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PT20J last won the day on January 17

PT20J had the most liked content!

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About PT20J

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    1994 M20J

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  1. Don’t think you’ll find a serviceable used elevator for less than $1K. Check the salvage places. As of a couple of years ago you could buy new skins from Mooney for less than $1K. If you are good at sheet metal work and paint that’s your cheapest option.
  2. From comments here and elsewhere, what seems to happen is that some always use the electric trim or autopilot and never manually operate the trim wheel. The trim system gets tight from lack of lubrication over time if not maintained properly. The trim servo has a lot of torque but eventually things get to the point where the clutch slips at which point attempt is made to adjust the trim with the wheel and it becomes obvious that the trim is very difficult to move. During annual inspection, the trim wheel should be moved from stop to stop to note it's action. I also make it a practice to manual
  3. If you look in the tail, you will see the trim torque tube running down the center. Above it will be the trim servo. The servo has a sprocket and there is a sprocket on the tube and a chain connects the two sprockets. Directly behind the tube sprocket is the carrier bearing that supports the trim torque tube. This picture (courtesy of Don Maxwell) shows the assembly removed from the airplane and turned upside down. You can see the trim servo below (in the airplane it would be above) the carrier bearing. The sprockets and chain are on the other side of the bracket and can't be seen in the pictu
  4. @Parker_Woodruff can you suggest the actions any of us might take to be considered a better risk? Skip
  5. I did all that. The Mooney factory installed the transducer on M20Js mounted to the sump upside down (wires coming out bottom). I even went to the trouble to build a new mounting bracket and flip it over. It made absolutely no difference. (The reason for mounting wires up is so that the vent can allow vapor bubbles to evacuate, but if you don't have air leaks in the fuel system, this doesn't seem to be an issue according to JPI). I also removed the 45 degree elbow from the inlet side and replaced it with a straight fitting. No difference. Somewhere, (I think it was in a Floscan installation do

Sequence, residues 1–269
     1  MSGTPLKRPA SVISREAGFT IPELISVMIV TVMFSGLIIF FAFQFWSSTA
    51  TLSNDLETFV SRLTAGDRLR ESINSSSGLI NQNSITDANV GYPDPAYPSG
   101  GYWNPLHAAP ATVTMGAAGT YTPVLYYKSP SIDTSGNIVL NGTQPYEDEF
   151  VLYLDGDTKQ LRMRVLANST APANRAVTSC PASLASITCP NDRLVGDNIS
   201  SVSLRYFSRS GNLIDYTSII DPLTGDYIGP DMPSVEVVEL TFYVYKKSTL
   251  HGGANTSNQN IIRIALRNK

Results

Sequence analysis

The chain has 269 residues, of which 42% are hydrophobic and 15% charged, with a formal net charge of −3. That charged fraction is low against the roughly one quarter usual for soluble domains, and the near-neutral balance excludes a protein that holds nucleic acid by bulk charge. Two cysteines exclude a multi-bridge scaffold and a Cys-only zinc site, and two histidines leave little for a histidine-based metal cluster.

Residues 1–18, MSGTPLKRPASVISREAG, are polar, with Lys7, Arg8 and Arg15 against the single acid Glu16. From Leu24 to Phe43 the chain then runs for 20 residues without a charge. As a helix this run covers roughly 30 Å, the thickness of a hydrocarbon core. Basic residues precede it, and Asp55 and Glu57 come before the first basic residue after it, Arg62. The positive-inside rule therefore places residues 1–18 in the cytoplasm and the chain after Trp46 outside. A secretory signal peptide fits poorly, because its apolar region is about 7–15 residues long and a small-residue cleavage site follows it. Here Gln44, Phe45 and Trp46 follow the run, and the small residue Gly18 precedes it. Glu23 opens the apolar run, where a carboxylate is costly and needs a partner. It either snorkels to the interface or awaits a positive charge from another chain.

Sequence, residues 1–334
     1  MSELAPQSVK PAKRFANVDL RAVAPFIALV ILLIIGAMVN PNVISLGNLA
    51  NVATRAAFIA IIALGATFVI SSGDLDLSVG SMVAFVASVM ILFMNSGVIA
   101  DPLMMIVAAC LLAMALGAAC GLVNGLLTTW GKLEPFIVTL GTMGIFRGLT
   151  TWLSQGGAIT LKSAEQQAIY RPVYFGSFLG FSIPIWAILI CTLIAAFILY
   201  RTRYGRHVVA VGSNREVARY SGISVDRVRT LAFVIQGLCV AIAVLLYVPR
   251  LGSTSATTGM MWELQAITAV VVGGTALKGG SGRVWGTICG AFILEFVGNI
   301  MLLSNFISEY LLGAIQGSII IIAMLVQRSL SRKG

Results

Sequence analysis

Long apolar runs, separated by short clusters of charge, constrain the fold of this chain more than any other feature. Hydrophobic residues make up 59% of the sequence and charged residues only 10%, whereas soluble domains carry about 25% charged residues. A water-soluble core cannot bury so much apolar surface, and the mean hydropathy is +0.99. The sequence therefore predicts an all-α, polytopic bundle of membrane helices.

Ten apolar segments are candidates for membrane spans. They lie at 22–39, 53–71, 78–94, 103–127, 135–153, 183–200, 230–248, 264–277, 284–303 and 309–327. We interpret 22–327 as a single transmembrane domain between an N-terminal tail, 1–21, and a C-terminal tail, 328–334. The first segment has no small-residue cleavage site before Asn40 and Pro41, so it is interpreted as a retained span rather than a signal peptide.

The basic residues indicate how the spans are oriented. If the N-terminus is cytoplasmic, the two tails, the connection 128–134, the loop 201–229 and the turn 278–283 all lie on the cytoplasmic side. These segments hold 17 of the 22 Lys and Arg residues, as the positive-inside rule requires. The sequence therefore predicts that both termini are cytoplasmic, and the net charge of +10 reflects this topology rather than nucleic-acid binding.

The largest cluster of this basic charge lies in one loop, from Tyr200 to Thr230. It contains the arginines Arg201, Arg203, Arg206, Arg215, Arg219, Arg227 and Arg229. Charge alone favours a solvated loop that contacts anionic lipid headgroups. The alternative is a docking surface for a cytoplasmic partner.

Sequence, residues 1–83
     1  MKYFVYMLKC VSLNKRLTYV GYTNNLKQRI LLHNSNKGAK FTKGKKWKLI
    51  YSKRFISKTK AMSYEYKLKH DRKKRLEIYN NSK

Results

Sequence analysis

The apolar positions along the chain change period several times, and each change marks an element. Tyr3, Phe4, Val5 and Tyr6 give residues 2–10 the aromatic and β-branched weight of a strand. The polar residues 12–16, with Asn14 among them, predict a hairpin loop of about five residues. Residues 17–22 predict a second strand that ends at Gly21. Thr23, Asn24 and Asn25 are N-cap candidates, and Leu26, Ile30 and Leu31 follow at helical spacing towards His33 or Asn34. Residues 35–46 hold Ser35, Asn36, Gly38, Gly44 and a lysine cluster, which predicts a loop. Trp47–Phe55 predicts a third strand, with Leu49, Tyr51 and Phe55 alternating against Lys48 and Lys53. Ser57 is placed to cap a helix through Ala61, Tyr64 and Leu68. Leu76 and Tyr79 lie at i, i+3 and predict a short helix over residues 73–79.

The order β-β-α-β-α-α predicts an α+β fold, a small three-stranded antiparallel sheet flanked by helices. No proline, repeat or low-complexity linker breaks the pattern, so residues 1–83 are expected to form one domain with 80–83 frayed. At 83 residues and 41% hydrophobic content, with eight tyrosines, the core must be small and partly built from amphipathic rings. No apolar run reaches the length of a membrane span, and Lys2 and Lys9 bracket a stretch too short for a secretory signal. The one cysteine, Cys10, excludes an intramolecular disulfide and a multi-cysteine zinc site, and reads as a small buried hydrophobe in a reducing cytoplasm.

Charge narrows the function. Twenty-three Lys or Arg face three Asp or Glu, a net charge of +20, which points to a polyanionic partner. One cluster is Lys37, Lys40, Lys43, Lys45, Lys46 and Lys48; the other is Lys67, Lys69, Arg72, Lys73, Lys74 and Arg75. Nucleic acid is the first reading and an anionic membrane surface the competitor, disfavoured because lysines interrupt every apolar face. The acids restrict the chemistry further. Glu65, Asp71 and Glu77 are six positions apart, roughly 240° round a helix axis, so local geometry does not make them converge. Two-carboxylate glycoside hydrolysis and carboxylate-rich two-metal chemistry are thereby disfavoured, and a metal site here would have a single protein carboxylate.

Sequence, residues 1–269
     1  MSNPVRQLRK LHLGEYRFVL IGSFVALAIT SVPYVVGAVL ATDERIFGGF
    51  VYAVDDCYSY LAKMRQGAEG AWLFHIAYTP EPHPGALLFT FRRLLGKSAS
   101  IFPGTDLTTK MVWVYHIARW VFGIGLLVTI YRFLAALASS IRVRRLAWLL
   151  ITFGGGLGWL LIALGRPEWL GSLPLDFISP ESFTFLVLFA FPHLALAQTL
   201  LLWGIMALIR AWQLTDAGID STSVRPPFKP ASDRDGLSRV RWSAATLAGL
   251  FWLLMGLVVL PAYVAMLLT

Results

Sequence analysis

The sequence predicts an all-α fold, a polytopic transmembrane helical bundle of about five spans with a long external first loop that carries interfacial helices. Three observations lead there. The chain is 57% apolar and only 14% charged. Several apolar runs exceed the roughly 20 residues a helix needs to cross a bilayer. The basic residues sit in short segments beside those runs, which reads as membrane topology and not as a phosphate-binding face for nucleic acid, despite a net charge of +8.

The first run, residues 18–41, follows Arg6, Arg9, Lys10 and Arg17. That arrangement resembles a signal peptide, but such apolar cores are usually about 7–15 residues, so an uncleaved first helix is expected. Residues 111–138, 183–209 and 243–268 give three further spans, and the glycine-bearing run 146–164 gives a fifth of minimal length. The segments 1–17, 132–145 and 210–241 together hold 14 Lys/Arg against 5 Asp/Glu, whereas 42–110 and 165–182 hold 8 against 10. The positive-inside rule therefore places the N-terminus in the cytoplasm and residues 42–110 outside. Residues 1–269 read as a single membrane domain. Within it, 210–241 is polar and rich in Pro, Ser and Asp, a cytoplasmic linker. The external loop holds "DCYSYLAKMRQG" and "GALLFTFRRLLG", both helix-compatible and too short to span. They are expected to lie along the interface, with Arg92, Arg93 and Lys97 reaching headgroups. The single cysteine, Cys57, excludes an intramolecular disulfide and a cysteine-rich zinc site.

6. The command bars are just a visual display of the commands computed by the autopilot that feed the servos when the autopilot is engaged. With the flight director on, but the autopilot not engaged, keeping the airplane symbol nestled tightly in the command bars means you are flying exactly as the autopilot would. Skip
  7. The Mooney service bulletin M20-206 is pretty clear: 1. Changing the prop indexing from 1 to 3 makes the engine/prop combination slightly smoother particularly at high power settings 2. Doesn't change the caution range on the tachometer 3. Is optional at the owner's discretion. The effect is likely small. If I got a good dynamic balance on 1 index, I would not spend money messing with it. If I were rebuilding an engine, I'd change it to a 3 because that is presumably better and more common and the incremental cost and effort would be insignificant. You can't accidental
  8. It's not Airpower that decides the core exchange policy -- it's Lycoming. Lycoming sets the policy depending on what they are trying to incentivize. Lycoming retains the right to surcharge dissimilar cores but now they seem to want to get more IO-390s in the field. When I traded in my IO-360-A3B6D for an A3B6, I got a discount for retiring a D which Lycoming would like to get out of the field. Skip
  9. Have you checked the accuracy of the airspeed indicator? There is a simple leak check that can be performed on the pitot system (see the Service Manual). You can also do 4 way GPS true airspeed measurements (there are threads around or search for ntps airspeed spreadsheet). When the hangar warms up I'm going to track down a leak in mine -- it's low by 7 KIAS at cruise. Skip
  10. Both Shadin and JPI use Floscan 201B transducers. http://www.floscan.com/html/blue/aviation.php JPI acquired Floscan a couple of years ago. These transducers have a K-factor range of 28,000 to 30,000 pulses per gallon and are individually calibrated at a 16.0 gph flow rate. Floscan claims that the transducers are accurate to 0.5% down to a flow rate of 3 gph. If all this was correct, setting the JPI for the transducer K-factor should be very accurate. But most find that getting accurate fuel used requires tweaking the K-factor. Since it was very accurately calibrated at the factory
  11. Theoretically, if you put all the 201 mods and 200 hp on a M20C it should be slightly faster than a J because it has slightly less wetted area and trims slightly more efficiently. But, in reality.... who knows?
  12. Did you mean IAF? I don’t believe you should ever be direct to the FAF (unless you’ve already intercepted the final approach course). ATC should vector you to intercept outside the approach gate. Skip
  13. That is a very clear explanation of how the GTN works, how to use it, and how to get what you want from ATC.
  14. Ah, now I see what you were getting at. Certainly you have to get the GPS navigating on the approach somehow. My point was simply that there is nothing special that you need to do to “activate” an approach. From the pilot’s standpoint, it’s just another sequence of waypoints. Skip
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